Entity Framework – Storing a complex entity as JSON in a single DB column

jsonDuring the development of TicketDesk 2.5, I came across an unusual case. I wanted to store a large chunk of my entity model as a simple JSON string, and put it into a single column in the database.

Here’s the setup:

I have an entity that encapsulates all of a user’s display preferences and similar settings. One of those settings is a complex set of objects that represents the user’s custom settings for list view UI pages. There can be many lists, each with separate settings. Some of the settings for a list contain collections of other objects, resulting in a hierarchy of settings that goes three levels deep

I didn’t want to represent these settings as a relational data model in the database though. Using EF’s standard persistence mapping conventions, this collection of settings ends up being spread across six  tables. The TSQL queries to access that data would be rather slow and cumbersome, and the relational model doesn’t add any value at all.

Instead, I just wanted to serialize out the entire collection of settings as a single JSON string, and store it in one column in the user settings table. At the same time though, I wanted the code behave as if this were just a natural part of my regular EF entity model.

The solution:

The solution was to use a complex type, with some fluent model binding magic, to flatten the hierarchy into a single column. The heirarchy itself is represented as a custom collection, with a bit of manual JSON serialization/deserialization built-in.

I got a pointer the right general direction from this SO post, which saved me a bunch of time when approaching this more advanced scenario.

First, let’s take a look at the root entity here:

public class UserSetting
 {
 	[Key]
    public string UserId { get; set; }

    public virtual UserTicketListSettingsCollection ListSettings { get; set; }
}

This is the only entity which will map to its own table in the DB. The ListSettings collection is the property I want persisted as JSON in a single column.

Here is the custom collection that will be stored:

public class UserTicketListSettingsCollection: Collection<UserTicketListSetting>
{
    public void Add(ICollection<UserTicketListSetting> settings)
    {
        foreach (var listSetting in settings)
        {
            this.Add(listSetting);
        }
    }

    [JsonIgnore]
    public string Serialized
    {
        get { return Newtonsoft.Json.JsonConvert.SerializeObject(this); }
        set
        {
            if (string.IsNullOrEmpty(value))
            {
                return;
            }

            var jData = Newtonsoft.Json.JsonConvert.DeserializeObject<List<UserTicketListSetting>>(value);
            this.Items.Clear();
            this.Add(jData);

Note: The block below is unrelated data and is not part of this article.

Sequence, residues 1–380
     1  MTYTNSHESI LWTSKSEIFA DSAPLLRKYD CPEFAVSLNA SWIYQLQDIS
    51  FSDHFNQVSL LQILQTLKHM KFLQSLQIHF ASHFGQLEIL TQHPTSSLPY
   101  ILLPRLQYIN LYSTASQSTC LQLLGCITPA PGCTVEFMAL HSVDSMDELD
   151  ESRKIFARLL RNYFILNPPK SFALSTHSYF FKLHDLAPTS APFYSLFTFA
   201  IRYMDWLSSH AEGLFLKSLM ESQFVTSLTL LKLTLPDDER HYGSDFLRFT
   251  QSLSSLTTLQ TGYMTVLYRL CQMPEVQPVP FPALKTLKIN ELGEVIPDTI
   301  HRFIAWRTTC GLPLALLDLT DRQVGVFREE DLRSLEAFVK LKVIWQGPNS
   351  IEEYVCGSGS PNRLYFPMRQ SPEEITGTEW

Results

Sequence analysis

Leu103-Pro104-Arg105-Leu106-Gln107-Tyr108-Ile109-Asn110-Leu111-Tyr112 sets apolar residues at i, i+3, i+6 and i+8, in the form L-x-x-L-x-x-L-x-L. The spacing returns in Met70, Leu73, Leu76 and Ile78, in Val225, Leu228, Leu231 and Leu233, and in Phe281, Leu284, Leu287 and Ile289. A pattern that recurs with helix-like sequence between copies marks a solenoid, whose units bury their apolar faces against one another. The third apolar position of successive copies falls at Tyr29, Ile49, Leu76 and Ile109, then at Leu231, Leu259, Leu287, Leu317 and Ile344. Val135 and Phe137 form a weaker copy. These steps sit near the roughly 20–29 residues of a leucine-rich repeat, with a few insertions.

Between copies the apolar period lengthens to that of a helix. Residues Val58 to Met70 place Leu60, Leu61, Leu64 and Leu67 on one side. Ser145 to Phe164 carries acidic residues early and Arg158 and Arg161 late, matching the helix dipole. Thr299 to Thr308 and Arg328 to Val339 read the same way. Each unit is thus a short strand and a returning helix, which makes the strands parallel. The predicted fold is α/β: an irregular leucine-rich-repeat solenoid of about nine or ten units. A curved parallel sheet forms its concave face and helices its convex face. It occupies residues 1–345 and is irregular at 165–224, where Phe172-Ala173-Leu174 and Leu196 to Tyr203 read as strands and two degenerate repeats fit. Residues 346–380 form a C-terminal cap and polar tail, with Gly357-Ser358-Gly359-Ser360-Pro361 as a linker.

}
    }
}

This is a collection type, and is inheriting generic Collection<T>. In this case, T is the UserTicketListSetting type — which is a standard POCO wrapping up all of the settings for all of the various list views in one place.

Some of the properties inside UserTicketListSetting contain collections of other POCOs. The specific details of what’s going inside those classes doesn’t matter to this discussion, just understand that it results in a hierarchy of related objects. None of the properties in that hierarchy are marked up with EF attributes or anything.

The only magic here is that we have a Serialized property, which manually handles converting from/to JSON. This is the only property that we want persisted to the database.

To make that persistence happen, we will make UserTicketListSettingsCollection an EF complex type, though not by using the [ComplexType] attribute. Instead, we’ll manually register this complex type via the fluent model builder API.

In the DB Context this looks like this:

protected override void OnModelCreating(DbModelBuilder modelBuilder)
{
	modelBuilder.ComplexType<UserTicketListSettingsCollection>()
        .Property(p => p.Serialized)
        .HasColumnName("ListSettingsJson");
}

This just tells EF that UserTicketListSettingsCollection is a complex type, and the only property we care about is the Serialized property. If there were other properties in UserTicketListSettingsCollection, you would need to exclude them with something like:

modelBuilder.ComplexType<UserTicketListSettingsCollection>().Ignore(p => p.PropertyToIgnore);

And that’s all I needed to get EF to store this entire hierarchy as a single JSON column.

Using this model in code is just like using any other EF entity. I can query it with LINQ expressions, and SaveChanges on the DbContext updates the JSON data in DB just like any other entity. Even the generation of code-based migrations works as expected.

It took a LOT of experimentation and digging to figure out how to make this work, but the implementation is rather simple once you know how to approach the problem.

This also reflects the amazing power and flexibility of Entity Framework. EF can be extended to fit very advanced scenarios even when the designers didn’t anticipate them directly.

You can see the full implementation of this in TicketDesk 2.5. Currently, TD 2.5 is in alpha, so look to the develop branch in source control on CodePlex. You will find this example, as well as several variations in the TicketDesk.Domain assembly.